Fine, but this is at least the second "no substitutions" post from you in the last 24 hours. The vast majority of the members of this site (and the people who aren't members but who visit it regularly) are not semi-pros. If you want to keep it highly technical and only address the high end bakers here, please take it to your blog rather than a forum post (I mention this in the site faq). That'll keep the comments off the front page. It is the TFL equivalent of getting your own room where you can talk about whatever you want.

If you haven't today, please check your email. I dropped you a line this AM.

nbicomputers's picture
nbicomputers

havent checked email but will do

could you please link to the "first Post? that you mention in the above.

Pro Baker for over 25 years-----Ret

Floydm's picture
Floydm

You already did:

http://www.thefreshloaf.com/node/6194/first-clear-flour#comment-31611

first clear is not readly available from stores

for jewish rye and pumpernickel nothing elce will work

nbicomputers's picture
nbicomputers

first clear is not readly

 

first clear is not readly available from stores

for jewish rye and pumpernickel nothing elce will work (this is true you realy need this flour"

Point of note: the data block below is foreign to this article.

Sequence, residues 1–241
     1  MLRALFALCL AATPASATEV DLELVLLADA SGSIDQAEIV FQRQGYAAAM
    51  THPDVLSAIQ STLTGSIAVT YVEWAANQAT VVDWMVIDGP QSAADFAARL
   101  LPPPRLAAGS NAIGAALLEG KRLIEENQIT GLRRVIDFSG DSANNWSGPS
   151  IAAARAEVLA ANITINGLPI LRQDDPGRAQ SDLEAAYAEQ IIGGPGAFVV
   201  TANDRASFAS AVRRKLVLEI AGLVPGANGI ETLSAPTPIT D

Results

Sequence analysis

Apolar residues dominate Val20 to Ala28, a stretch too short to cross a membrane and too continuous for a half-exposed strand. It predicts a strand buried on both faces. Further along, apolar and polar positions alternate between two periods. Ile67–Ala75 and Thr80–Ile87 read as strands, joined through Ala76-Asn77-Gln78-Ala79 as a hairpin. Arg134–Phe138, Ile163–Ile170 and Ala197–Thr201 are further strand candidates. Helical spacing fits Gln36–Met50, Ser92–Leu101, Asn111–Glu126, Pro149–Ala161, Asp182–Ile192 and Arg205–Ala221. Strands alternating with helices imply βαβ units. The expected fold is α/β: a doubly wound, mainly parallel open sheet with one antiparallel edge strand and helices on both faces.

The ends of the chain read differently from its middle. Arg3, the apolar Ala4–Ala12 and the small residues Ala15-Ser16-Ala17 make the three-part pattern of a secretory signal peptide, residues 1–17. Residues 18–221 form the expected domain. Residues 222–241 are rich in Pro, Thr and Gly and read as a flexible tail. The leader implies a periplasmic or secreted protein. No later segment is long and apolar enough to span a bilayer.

allthough substution might work in other forumals " not jewish ryr but will work for types of rye bread'

it goes by the nane Bohemia flour in the bakeries so maybe a bakery thats make iys own rye bread would be willing to sell you a few pounds it dows not hurt to ask,

as for mail order KA has first clear in 3 pound bags "told where to get it"

Pro Baker for over 25 years-----Ret

Floydm's picture
Floydm

For authentic Jewish Rye good enough to sell in an NYC Jewish bakery, I believe you that there are no substitutions. But for the average baker a long way from New York there are plenty of substitutions and plenty of recipes that don't call for clear flour.

I'm just saying you should stop and look at the masthead here: 99% of us are amateur bakers and artisan bread enthusiasts, not budding professionals. That is the context into which you are posting, and recipes and techniques should be targeted accordingly (though, as I said in my email, I could set up an "Advanced Topics" forum where people could get as technical as they want if that'd be helpful).

RFMonaco's picture
RFMonaco

Hi Floyd...I will put in a vote for "Advanced Topics" forum. Thanks for suggesting that!

Floydm's picture
Floydm

Created. I'll make another post about it.

Elagins's picture
Elagins

Elagins@sbcglobal.net